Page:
Versailles is one hell of a grand achievement. The water works created by Louis XIV are no less magnificent.
It was one of the crowning mechanical achievements of its day. It was immortalized in the works of Belidor, Diderot, and Leupold. It was also a kind of tourist destination in its day. Nartov (of course) visited the site on the recommendation of Peter I. Boulton and Watt made a pilgrimage and proposed an alternative means of pumping. Even Thomas Jefferson made an appearance. In a letter to Maria Cosway dated October 12 1786 he notes:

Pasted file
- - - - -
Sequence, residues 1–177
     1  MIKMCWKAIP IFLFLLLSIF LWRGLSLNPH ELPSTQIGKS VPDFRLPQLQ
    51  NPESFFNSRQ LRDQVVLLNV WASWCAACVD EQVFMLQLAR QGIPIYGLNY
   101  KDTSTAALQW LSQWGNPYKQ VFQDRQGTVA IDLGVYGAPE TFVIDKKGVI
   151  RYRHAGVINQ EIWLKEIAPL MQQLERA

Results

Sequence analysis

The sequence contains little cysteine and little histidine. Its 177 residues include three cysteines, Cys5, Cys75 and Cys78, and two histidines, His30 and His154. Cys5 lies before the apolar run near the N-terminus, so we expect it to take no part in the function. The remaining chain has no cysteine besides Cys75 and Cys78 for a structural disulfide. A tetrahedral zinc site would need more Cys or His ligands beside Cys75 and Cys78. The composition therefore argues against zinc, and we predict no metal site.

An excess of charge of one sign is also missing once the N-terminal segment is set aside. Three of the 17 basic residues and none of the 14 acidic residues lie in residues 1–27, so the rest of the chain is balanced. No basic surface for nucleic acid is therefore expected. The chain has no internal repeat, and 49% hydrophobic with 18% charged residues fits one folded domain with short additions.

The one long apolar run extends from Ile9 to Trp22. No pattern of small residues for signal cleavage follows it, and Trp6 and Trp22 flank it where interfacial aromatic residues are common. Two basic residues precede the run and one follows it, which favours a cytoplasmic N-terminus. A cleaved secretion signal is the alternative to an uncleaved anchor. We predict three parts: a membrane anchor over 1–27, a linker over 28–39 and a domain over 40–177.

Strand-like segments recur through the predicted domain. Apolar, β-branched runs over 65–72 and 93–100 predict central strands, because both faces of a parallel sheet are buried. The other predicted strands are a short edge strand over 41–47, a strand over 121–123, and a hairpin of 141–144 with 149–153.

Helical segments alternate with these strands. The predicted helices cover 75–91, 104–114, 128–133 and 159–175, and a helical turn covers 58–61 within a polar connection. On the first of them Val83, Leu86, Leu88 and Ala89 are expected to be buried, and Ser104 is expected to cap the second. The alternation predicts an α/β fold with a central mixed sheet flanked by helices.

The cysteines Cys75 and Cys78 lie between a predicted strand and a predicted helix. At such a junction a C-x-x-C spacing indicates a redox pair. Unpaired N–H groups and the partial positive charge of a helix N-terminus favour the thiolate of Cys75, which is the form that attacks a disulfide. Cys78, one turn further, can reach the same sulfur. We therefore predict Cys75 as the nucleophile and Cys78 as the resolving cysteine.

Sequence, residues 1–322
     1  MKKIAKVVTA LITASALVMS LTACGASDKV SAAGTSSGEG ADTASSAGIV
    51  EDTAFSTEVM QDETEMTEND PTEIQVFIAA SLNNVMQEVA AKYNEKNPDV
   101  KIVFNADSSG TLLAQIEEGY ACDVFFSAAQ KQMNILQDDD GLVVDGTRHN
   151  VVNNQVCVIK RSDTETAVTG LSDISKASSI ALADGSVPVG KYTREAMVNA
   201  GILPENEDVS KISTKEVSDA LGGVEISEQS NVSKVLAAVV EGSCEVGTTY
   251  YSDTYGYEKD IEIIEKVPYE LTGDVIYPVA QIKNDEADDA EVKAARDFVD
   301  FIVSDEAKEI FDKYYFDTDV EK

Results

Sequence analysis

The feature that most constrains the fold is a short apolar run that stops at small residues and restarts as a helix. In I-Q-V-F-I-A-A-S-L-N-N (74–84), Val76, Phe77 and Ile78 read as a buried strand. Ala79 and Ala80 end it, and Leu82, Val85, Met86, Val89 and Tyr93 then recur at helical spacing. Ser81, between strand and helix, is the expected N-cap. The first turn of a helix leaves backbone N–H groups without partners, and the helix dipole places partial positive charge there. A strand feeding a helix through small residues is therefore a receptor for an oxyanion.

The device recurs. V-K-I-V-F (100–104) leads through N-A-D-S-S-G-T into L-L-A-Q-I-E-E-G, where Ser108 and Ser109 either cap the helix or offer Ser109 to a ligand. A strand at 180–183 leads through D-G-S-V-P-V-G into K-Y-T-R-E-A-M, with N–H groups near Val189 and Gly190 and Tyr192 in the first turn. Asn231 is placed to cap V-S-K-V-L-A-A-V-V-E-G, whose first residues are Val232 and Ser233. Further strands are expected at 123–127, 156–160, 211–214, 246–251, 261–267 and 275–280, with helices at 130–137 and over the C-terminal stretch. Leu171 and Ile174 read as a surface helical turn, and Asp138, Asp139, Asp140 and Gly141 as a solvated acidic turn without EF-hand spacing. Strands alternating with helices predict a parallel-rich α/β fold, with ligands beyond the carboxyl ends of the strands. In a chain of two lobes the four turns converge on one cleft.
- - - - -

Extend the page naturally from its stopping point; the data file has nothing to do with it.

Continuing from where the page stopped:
"Go on then, like a kind comforter & paint to me the day we went to St. Germains. How beautiful was every object! the Port of Reuilly, the hills along the Seine, the rainbows of the machine of Marly, the terrace of St. Germains, the chateaux, the gardens, the statues of Marly, the pavillion of Lucienne." (Jefferson 1999, pg. 12)
His account books for September 7 notes: "pd seeing Machine of Marly 6 f the chateau 6 f Pd Petit towards dinner at Marly 12f pd at Lowechienne f" (Brodie 1998, pg. 523 n.27)
More on Marly needs to be said...
Brodie, F.M. (1998). Thomas Jefferson. F.W. Norton and Company: New York.
Jefferson, Thomas (1999). Political Writings. Cambridge University Press: London.